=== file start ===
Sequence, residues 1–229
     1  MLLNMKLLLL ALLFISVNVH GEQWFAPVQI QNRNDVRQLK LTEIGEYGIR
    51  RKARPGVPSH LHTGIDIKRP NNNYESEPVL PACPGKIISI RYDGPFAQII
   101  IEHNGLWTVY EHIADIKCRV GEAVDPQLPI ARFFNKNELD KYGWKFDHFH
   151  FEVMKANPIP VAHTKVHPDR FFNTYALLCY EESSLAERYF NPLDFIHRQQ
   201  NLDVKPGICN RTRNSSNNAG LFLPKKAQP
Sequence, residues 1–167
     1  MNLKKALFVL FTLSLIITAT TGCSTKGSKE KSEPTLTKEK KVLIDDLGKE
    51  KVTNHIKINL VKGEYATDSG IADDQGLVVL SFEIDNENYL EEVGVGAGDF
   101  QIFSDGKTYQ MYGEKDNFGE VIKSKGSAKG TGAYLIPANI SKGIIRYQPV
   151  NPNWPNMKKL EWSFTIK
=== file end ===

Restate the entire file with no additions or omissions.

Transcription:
Sequence, residues 1–229
     1  MLLNMKLLLL ALLFISVNVH GEQWFAPVQI QNRNDVRQLK LTEIGEYGIR
    51  RKARPGVPSH LHTGIDIKRP NNNYESEPVL PACPGKIISI RYDGPFAQII
   101  IEHNGLWTVY EHIADIKCRV GEAVDPQLPI ARFFNKNELD KYGWKFDHFH
   151  FEVMKANPIP VAHTKVHPDR FFNTYALLCY EESSLAERYF NPLDFIHRQQ
   201  NLDVKPGICN RTRNSSNNAG LFLPKKAQP
Sequence, residues 1–167
     1  MNLKKALFVL FTLSLIITAT TGCSTKGSKE KSEPTLTKEK KVLIDDLGKE
    51  KVTNHIKINL VKGEYATDSG IADDQGLVVL SFEIDNENYL EEVGVGAGDF
   101  QIFSDGKTYQ MYGEKDNFGE VIKSKGSAKG TGAYLIPANI SKGIIRYQPV
   151  NPNWPNMKKL EWSFTIK